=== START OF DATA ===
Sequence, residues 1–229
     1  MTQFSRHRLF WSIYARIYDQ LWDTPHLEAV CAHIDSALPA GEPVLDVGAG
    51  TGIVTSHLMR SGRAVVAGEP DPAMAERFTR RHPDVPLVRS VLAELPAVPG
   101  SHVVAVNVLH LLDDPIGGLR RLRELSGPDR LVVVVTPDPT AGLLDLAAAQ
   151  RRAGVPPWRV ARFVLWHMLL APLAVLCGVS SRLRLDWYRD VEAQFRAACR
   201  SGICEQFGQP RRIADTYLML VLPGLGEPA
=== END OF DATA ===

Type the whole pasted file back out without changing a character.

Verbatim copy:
Sequence, residues 1–229
     1  MTQFSRHRLF WSIYARIYDQ LWDTPHLEAV CAHIDSALPA GEPVLDVGAG
    51  TGIVTSHLMR SGRAVVAGEP DPAMAERFTR RHPDVPLVRS VLAELPAVPG
   101  SHVVAVNVLH LLDDPIGGLR RLRELSGPDR LVVVVTPDPT AGLLDLAAAQ
   151  RRAGVPPWRV ARFVLWHMLL APLAVLCGVS SRLRLDWYRD VEAQFRAACR
   201  SGICEQFGQP RRIADTYLML VLPGLGEPA